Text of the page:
I snapped a photo of a quote I once scribbled on my wall, when I moved out of my last studio and couldn’t figure out where it came from. It was imperative that I never forget: “Wonder defined as a form of learning - an intermediate, highly particular state akin to a sort of suspension of the mind between ignorance and enlightenment that marks the end of unknowing and the beginning of knowing.” Although its context is lost to me, I’ve internalized the idea. To this definition I would add that wonder is a kind of sustained curiosity that refuses to let the mind go, like a persistent itch. For me, wonder is intimately related to science and the profound knowledge it imparts.
An overarching inspiration for my work is best summarized by Carl Sagan’s iconic statement, “We are made of starstuff.” My artwork explores this relationship between micro and macro, how no amount of intellectual comprehension shakes the shock that my body is made of the same stuff as the desk beneath my elbows. For example, my installation "Slice of Life" consists of hundreds of drawings rendered while looking through a microscope at items mined from daily life: my desk, things found on walks home, assorted knick-knacks. Notably, that which appeared very different at my usual perspective were quite similar once magnified, like the interweaving fibers of book covers and sweaters. I made that piece because I wanted to know what the mundane landscape of everyday life looked like when observed from a wholly new vantage point.
Other works, like "Tunnel", were an homage to the simple act of looking up at the night sky. In that installation I transformed a long facade of windows into a map of the Milky Way, using small holes to represent stars so that the dark hall filled up with the light of a thousand pinhole cameras. The entire galaxy was scaled down so that a person could traverse it in a single minute. Similarly, a grouping of photographs, "I Grew a Multiverse in Petri Dishes", depict expansive universes growing in Petri dishes, as if the infinite could be contained, examined, and understood. I find astronomy and physics especially engrossing, and befriended scientists who counsel me for projects like "Tunnel", when an astronomer helped me ensure the accuracy of my mural-sized star map.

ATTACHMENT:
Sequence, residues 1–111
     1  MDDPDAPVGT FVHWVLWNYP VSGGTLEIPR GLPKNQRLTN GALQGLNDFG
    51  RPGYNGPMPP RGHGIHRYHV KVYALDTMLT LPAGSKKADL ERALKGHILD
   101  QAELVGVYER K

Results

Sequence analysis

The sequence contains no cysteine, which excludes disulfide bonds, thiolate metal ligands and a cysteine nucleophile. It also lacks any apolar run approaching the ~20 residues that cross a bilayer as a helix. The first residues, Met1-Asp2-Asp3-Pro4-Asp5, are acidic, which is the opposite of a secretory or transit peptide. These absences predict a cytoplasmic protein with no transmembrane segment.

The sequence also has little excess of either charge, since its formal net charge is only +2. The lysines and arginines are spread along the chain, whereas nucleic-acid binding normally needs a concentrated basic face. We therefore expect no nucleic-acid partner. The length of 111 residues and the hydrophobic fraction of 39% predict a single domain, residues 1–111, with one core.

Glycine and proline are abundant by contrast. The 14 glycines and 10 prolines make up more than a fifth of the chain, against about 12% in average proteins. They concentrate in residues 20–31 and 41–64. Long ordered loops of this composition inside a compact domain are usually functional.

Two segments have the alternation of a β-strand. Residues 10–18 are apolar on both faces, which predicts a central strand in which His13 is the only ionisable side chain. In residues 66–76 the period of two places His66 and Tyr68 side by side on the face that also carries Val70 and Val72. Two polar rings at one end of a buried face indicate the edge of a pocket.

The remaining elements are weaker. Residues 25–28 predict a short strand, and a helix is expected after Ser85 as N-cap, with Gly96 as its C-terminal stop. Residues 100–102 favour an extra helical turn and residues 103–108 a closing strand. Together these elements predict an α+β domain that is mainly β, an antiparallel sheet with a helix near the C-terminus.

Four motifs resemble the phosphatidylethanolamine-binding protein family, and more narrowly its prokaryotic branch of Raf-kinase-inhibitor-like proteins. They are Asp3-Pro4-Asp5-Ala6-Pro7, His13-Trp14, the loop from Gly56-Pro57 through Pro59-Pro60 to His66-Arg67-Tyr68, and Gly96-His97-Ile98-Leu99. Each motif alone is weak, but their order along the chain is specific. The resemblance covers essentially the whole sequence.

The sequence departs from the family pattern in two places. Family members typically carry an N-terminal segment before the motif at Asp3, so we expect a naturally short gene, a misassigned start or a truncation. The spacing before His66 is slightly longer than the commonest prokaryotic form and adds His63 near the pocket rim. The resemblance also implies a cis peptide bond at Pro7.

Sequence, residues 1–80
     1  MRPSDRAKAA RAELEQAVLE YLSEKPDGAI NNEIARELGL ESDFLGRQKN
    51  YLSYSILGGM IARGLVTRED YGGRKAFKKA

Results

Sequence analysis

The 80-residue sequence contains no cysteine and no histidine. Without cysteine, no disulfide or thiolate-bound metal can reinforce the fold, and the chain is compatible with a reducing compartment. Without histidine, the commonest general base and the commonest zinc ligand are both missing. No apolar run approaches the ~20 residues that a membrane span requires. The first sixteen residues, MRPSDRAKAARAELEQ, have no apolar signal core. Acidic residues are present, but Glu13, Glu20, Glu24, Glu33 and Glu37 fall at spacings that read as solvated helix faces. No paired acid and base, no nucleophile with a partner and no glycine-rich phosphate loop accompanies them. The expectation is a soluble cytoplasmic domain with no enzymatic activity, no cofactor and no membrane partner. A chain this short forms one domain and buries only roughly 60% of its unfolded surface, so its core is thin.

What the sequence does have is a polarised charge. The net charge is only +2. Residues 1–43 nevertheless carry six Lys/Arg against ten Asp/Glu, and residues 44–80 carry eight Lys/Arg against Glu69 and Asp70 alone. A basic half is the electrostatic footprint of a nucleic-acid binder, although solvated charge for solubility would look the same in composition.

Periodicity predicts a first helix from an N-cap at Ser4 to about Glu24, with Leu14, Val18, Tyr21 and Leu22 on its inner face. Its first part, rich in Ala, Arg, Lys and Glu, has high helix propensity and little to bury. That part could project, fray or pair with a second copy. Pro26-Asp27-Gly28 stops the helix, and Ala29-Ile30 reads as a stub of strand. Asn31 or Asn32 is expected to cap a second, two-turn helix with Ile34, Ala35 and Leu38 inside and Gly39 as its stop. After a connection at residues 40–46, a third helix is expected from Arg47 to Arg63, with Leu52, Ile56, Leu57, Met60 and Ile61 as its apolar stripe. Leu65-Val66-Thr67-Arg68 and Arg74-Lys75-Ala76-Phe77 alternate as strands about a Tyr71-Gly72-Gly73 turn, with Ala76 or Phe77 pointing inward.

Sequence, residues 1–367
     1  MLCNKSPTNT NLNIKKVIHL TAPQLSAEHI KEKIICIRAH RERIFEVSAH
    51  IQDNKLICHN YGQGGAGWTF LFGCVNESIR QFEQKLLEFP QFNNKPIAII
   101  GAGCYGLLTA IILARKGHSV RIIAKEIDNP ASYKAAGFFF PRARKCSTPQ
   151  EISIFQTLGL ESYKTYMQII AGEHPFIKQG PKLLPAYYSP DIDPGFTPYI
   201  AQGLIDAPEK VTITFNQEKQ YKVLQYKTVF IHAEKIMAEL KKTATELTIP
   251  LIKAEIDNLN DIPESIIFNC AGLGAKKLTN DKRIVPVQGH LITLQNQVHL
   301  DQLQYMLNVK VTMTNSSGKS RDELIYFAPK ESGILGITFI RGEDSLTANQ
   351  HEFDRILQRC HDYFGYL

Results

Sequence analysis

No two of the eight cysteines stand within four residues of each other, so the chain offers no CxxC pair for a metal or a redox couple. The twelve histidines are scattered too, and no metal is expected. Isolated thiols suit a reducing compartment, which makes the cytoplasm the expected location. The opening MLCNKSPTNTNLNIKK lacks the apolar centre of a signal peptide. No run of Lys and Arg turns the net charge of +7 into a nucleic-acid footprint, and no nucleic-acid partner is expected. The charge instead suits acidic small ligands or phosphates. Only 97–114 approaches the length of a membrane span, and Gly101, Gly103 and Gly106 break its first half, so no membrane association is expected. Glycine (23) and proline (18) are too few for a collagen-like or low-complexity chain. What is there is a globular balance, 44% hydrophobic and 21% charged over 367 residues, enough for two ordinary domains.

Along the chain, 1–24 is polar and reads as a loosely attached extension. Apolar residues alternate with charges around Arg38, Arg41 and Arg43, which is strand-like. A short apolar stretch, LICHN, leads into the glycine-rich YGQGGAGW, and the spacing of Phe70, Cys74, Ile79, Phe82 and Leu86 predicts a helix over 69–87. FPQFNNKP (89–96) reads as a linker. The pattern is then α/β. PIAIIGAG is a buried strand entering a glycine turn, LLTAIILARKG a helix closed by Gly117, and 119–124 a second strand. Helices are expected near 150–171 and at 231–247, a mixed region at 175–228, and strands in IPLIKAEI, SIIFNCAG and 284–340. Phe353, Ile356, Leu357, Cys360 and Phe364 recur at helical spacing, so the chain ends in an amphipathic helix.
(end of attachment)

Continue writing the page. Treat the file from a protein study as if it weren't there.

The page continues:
My most recent installation contained a subatomic particle detector. It marks a departure from the more innocent wonder I previously explored towards the troublesome acknowledgement that science is not inherently good. Uranium ore in my particle detector exposed viewers to gamma radiation, but in doing so gave them the opportunity to observe the imperceptible. The threshold to this installation warned of this risk, and "Hormesis" (named after the controversial theory that small doses of radiation are good for you) was largely about the choice to scratch the itch of curiosity even at a cost. Moving forward, I want to continue exploring such a nuanced appreciation of science.